Psychologies: Women still find it difficult to talk about sex. We feel the need either to turn it into a joke or just keep it to ourselves. How do you make women feel comfortable and confident enough to ask questions in your classes?
Midori: There’s an instant bonding process that happens when you have a room full of intelligent, professional women, who are all interested in improving intimacy with their partner as well as their own sexual pleasure. It makes women feel less anxious when they realise so many other women have the same hang-ups and questions as they do. We can get information from books, DVDs and the internet, but without someone to relate to we might be left feeling even more inadequate.
Do you think your degree in psychology influences your work as a sex educator?
Having a psychology background helps in dealing with different personalities and complexes. I try to provide a trusting environment where we can share our sex bloopers and relax enough to learn and develop. My classes in London are full of discerning women. To break the ice I start by saying, ‘I’m an American, so why don’t you tell me all the naughty words you use here to describe a penis?’ This helps me to establish an emotional relationship with the class, so that they know nothing they say will offend me. And by reducing the likelihood of judgement everyone feels much more comfortable asking questions.
Which myths do you dispel?
I try to reduce the mystery of men. We have a habit of speculating about what men really want — complicated moves, props — and we forget that they’re so easily pleased. There is no mystical, magical technique that will work. I offer an assortment of things that people can try and encourage them to experiment with afterwards. If someone is in a long-term relationship, for example, it can be terrifying and embarrassing suddenly to suggest trying something new. Self-doubt can paralyse us into thinking, ‘What if I try this new trick and my partner doesn’t like it?’ The beauty of my class is that it means women can abdicate responsibility for the things they try — they can lay the blame on me instead. A partner will be much more comfortable with telling you they don’t like something if they know you’re merely experimenting with some techniques you’ve learned in a class.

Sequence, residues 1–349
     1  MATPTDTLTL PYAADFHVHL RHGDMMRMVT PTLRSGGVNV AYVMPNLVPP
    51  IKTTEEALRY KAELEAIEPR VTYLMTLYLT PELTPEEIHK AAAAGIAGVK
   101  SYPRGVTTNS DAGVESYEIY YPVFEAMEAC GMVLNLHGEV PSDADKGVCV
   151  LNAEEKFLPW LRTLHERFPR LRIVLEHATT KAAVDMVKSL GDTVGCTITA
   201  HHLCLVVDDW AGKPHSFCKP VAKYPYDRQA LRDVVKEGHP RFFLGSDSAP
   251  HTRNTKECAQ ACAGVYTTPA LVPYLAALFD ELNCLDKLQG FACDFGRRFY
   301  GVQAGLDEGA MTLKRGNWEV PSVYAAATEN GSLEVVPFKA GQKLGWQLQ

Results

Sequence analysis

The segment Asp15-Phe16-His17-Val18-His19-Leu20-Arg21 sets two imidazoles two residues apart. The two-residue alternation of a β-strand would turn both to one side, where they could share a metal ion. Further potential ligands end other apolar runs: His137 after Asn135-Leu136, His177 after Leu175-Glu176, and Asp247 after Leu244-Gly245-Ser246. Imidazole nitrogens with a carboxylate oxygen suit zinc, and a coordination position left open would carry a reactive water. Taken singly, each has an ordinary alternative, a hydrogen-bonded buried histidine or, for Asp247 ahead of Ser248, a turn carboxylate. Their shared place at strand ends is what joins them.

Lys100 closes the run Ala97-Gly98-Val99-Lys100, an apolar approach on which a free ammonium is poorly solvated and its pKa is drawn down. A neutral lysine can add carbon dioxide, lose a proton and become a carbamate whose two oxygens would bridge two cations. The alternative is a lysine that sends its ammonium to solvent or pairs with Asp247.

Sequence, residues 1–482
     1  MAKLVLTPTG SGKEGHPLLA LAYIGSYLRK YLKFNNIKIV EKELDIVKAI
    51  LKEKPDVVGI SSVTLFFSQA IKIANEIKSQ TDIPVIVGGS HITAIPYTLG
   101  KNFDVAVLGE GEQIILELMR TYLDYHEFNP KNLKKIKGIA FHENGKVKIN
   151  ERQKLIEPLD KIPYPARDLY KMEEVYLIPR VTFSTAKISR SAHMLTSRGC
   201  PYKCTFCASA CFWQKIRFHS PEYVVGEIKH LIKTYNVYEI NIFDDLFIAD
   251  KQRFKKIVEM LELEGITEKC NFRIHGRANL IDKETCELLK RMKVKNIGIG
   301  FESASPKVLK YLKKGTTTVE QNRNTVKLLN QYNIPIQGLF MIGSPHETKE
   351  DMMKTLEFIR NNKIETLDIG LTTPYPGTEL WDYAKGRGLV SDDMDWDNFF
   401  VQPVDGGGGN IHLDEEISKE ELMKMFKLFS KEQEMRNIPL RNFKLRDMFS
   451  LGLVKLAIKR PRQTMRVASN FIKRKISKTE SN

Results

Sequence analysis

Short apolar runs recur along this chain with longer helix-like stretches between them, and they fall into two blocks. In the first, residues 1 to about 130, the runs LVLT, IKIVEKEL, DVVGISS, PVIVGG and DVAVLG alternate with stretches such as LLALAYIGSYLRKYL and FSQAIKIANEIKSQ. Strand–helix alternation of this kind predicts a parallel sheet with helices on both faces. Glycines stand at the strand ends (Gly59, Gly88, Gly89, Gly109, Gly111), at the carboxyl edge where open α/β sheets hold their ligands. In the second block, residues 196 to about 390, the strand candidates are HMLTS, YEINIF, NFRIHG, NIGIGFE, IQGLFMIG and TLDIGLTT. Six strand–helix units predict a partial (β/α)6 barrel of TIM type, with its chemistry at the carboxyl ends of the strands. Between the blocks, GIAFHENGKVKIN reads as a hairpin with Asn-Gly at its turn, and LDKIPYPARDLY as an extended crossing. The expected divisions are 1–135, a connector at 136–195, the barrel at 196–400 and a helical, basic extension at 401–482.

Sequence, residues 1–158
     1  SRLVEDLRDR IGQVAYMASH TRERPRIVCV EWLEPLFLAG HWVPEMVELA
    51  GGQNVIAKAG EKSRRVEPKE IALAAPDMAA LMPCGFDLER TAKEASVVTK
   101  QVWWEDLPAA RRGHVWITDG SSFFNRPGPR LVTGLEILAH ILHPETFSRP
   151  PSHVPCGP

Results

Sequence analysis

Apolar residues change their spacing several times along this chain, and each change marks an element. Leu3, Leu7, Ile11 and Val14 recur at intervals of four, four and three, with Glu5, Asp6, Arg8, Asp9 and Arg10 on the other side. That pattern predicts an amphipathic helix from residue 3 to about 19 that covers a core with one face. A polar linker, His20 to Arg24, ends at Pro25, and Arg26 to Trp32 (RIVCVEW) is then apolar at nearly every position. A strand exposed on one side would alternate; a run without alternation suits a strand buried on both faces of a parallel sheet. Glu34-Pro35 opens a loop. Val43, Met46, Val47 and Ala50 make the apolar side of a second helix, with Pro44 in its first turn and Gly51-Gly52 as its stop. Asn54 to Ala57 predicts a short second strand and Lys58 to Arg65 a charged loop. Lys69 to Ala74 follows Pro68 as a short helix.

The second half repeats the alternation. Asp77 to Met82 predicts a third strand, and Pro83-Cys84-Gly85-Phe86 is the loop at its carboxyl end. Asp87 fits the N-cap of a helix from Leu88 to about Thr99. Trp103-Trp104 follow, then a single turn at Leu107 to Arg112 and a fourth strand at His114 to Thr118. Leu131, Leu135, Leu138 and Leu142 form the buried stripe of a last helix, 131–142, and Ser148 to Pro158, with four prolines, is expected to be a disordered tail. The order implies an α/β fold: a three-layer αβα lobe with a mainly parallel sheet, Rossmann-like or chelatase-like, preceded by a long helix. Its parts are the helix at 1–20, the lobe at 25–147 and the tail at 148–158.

What do women get out of this class if it’s based on thrilling their partner?
The class helps women feel more confident, sexy and comfortable. We will talk about positions that make the woman look and feel beautiful and desirable. For example, the standard blow job position involves the woman being on her knees in front of the guy. But if you’re kneeling right up against his feet then all he can see is the top of your head. However, if you scoot your knees back away from him, then he can see the graceful line of your back. This position also makes your waist and bottom look smaller and your legs longer. If we’re talking about comfort, another good position is lying across the bed with your head thrown back while he stands over you. It means you’re comfortable, you look beautiful and, because your body is facing him, it allows him to pleasure you. Part of the pleasure is also the sexual confidence you will gain by knowing that you’re looking great and turning him on.
There’s a feminist argument that classes on the perfect blow job are not about sexual liberation but are actually a new kind of slavery.
It depends on whether there is an equivalent class for the gentlemen. At erotic boutique Coco de Mer I also present the class How To Eat A Peach: Pleasuring Her, and it’s always over-subscribed. When I first started presenting this class, men were thin on the ground, but slowly the women who had come to my classes started sending along their boyfriends and husbands, because I’d earned their trust — and improved their sex life. I don’t think there’s anything disempowering at all about wanting to enrich your sex life on all levels.
Do you think there’s more pressure today to be good in bed than there was 20 years ago?
There’s more pressure to be good at everything now. You’re supposed to be business-savvy, clever at economising, you’re expected to dress well and maintain your figure, and you’re expected to be the perfect parent and a sexual goddess. It’s not realistic and I think part of the charm of my class is that I’ve based it on realism. What do you do if you’re with a new partner and you make that funny sound in the middle of sex? What do you do when your five-year-old knocks on the door at exactly the wrong moment? I don’t present a glossed-over, airbrushed image of perfect sex. I’m being a realist and I’m talking about pleasure and intimacy in our fabulously joyous, imperfect lives.
How would you define sexual liberation?
It means getting closer to being comfortable with your authentic self. So if someone chooses to be celibate until they’re in a long-term, monogamous relationship then liberation should allow them to admit that openly. And the same person should be able to turn to her best friend, who loves to have multiple partners, and say to her, ‘Well that’s nice. How was your weekend?’